Supplement to Chemical Bond Notes

Supplement to Chemical Bond Notes - Supplement to Chemical...

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Supplement to Chemical Bond Notes : Exceeding the Octet, Hyperconjugation and Oxidation Numbers
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10/5/2010 Supplement to Chem Bond #1 2 Oxy-acids , such as HClO 4 can also be usefully described by Lewis structures. These are acids in which the hydrogen atoms are attached to oxygen atoms, themselves attached to large atoms coordinated with oxygen: Effective (Formal) Charge on Central Atom in Lewis Octet Picture HClO 4 HOClO 3 +3 HClO 3 HOClO 2 +2 H 2 SO 3 (HO) 2 SO +1 H 2 SO 4 (HO) 2 SO 2 +2 HNO 3 HONO 2 +1 Cl O O O O H S O O O O H H
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10/5/2010 Supplement to Chem Bond #1 3 One caveat is that the Lewis approach predicts large effective charges for the central atoms . E.g., HClO 4 has 32 valence electrons. This could be satisfied by having three single-bonded oxygen atoms each carrying a single negative charge, leaving a formal charge of +3 on chlorine . This does not make much sense in view of the high electronegativity of chlorine. The alternative within this restricted picture is to put double bonds between oxygen and chlorine, apparently violating the Octet Rule. This is actually closer to the real picture. Because of this experience, it is understood that third-row elements (Si, P, S, Cl) will not always conform to the Octet Rule. Note that the octet rule, which works well for the n=2 elements, was based on the availability of just 2s and 2p orbitals for bonding. However, at n=3, d orbitals can also play a role, so that while the octet rule is still a good guide, many exceptions are known.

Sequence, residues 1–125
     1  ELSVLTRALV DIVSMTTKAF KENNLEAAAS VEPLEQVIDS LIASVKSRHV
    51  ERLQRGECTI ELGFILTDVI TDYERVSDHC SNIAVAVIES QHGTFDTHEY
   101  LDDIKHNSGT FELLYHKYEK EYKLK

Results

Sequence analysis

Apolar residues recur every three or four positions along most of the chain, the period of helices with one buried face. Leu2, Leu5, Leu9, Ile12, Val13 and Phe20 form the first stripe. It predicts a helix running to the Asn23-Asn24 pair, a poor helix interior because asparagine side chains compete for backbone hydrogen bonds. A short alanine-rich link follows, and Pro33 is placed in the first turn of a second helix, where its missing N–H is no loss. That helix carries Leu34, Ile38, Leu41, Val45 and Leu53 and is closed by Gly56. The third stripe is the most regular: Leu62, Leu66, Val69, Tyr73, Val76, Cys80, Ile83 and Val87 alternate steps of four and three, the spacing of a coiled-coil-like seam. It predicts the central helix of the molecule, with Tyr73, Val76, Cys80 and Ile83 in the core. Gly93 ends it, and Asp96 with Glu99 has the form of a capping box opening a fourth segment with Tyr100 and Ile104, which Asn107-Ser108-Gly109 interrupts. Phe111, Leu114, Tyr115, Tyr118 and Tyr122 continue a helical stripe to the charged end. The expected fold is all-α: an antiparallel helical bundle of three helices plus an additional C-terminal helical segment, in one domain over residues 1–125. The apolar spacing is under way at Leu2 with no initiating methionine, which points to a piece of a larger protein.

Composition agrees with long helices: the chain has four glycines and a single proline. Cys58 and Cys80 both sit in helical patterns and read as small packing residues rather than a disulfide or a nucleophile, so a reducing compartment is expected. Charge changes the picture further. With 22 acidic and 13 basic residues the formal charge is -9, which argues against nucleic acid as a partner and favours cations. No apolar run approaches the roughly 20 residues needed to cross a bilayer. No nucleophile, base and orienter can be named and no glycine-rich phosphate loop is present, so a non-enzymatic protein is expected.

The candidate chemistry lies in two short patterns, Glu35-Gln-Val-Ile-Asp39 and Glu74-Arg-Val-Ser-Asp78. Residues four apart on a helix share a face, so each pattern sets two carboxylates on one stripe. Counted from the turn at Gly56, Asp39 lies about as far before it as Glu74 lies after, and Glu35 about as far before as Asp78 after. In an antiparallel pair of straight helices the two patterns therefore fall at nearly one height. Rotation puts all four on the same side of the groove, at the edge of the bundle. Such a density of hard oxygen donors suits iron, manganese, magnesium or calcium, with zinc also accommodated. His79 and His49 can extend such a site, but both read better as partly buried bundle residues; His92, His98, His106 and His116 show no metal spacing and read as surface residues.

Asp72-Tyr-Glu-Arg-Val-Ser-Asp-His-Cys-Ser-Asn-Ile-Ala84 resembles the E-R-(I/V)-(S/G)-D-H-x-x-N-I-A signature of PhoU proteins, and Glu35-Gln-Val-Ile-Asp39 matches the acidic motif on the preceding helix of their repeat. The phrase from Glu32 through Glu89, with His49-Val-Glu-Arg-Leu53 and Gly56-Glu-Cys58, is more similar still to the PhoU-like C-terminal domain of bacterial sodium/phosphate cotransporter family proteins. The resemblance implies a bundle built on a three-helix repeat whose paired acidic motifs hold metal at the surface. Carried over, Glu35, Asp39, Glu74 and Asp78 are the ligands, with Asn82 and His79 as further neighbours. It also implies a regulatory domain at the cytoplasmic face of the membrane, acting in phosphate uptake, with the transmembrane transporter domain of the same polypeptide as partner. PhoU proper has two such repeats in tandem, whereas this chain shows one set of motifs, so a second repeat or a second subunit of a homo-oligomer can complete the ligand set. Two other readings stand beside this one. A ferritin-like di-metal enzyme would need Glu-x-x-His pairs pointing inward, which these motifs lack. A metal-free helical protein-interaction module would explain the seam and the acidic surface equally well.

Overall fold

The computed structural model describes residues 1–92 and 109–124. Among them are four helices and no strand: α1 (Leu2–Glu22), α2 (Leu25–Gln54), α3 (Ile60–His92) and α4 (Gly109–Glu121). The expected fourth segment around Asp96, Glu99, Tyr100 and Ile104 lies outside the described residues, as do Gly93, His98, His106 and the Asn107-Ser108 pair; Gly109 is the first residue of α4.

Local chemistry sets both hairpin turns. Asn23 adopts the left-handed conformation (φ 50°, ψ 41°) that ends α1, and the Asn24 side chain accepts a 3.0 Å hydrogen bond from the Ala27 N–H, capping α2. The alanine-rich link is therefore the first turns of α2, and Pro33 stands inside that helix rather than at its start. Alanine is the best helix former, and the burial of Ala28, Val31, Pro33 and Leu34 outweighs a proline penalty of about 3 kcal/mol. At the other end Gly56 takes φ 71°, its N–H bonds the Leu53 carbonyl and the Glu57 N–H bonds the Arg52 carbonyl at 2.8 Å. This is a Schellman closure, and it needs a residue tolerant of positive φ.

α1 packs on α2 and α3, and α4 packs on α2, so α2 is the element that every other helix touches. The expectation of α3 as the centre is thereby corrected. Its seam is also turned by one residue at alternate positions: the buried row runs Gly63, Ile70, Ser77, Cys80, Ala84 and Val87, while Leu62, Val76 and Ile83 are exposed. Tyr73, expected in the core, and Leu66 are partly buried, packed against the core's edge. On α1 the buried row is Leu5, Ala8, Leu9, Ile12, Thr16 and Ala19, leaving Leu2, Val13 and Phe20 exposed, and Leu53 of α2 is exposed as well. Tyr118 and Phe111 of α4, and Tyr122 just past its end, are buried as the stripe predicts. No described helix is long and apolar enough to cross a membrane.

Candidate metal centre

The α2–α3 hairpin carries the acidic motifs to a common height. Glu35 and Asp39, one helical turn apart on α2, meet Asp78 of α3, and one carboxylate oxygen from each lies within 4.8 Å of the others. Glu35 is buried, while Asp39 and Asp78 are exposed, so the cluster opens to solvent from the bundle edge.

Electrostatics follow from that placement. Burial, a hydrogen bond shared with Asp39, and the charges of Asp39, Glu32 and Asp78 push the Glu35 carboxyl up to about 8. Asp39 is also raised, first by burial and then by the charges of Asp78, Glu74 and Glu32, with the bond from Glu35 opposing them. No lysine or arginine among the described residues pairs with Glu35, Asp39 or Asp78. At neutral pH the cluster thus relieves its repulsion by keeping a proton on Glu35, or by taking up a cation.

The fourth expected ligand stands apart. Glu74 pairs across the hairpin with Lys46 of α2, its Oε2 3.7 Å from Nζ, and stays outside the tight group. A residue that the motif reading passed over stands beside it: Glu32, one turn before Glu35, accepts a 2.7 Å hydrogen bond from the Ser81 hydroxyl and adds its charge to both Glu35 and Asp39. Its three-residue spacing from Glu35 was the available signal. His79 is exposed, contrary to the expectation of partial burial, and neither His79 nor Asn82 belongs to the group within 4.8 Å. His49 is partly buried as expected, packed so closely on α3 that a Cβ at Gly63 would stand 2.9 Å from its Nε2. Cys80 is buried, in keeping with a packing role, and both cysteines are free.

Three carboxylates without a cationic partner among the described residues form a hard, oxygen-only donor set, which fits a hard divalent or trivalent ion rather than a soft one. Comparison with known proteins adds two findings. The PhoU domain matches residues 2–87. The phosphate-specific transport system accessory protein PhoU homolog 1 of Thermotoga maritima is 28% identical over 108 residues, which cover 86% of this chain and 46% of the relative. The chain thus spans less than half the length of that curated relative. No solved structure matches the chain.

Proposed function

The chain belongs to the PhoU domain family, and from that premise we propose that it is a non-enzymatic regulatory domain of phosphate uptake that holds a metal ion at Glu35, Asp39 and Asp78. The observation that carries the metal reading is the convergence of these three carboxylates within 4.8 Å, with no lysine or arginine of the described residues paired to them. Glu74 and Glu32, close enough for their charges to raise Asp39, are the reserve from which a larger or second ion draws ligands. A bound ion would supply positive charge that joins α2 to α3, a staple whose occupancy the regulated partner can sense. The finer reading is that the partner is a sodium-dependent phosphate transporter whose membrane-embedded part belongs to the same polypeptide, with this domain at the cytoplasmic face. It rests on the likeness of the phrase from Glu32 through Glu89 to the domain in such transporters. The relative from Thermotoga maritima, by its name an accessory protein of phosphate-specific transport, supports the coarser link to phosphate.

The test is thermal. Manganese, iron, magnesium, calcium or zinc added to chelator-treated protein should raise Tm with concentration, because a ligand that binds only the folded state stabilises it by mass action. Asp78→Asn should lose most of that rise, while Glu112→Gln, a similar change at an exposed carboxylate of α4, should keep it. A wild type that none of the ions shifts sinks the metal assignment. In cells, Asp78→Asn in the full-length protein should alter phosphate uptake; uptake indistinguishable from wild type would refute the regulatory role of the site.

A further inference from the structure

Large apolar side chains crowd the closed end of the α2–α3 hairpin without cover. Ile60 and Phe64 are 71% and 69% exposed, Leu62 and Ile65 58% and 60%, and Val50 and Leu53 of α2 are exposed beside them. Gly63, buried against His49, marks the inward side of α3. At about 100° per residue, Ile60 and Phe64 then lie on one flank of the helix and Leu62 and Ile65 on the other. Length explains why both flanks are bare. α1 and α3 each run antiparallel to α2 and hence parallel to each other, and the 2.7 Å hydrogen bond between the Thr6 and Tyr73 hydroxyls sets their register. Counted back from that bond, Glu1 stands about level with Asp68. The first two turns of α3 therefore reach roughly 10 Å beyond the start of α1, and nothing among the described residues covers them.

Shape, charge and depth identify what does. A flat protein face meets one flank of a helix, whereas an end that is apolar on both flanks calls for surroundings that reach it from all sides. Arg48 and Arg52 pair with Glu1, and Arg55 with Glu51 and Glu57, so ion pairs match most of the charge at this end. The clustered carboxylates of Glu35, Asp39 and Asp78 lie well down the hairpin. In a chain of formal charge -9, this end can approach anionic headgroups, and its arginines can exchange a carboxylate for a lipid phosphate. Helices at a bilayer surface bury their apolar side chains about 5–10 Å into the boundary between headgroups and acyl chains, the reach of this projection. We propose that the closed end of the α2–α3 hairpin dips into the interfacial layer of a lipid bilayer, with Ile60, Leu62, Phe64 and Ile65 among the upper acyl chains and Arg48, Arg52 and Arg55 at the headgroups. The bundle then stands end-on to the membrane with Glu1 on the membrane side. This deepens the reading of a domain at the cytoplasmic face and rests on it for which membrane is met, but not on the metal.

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10/5/2010 Supplement to Chem Bond #1 4 A closer look at the Lewis picture for third-row elements First, review the case for sulfate ion, SO 4 2- , as shown above. VSEPR counts 32 valence electrons and gives a tetrahedral structure as shown above. What about the Lewis picture? There is a single octet structure: http://www.stolaf.edu/depts/chemistry/courses/toolkits/123/js/lewis/ It is also possible to reduce the formal charges by using double bonds:
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Supplement to Chem Bond #1 5 We have a conflict between reducing the formal charges and maintaining the Octet structure. Which one is the correct structure? Answer: Probably some average (resonance?) Some conclusions: 1. For second-row elements (C, N, O, F), we never go above 8 electrons per atom, so that the octet rule is considered to be rigorous. 2. For third-row elements (Si, P, S, Cl) and some heavier ones, sometimes, the
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Supplement to Chemical Bond Notes - Supplement to Chemical...

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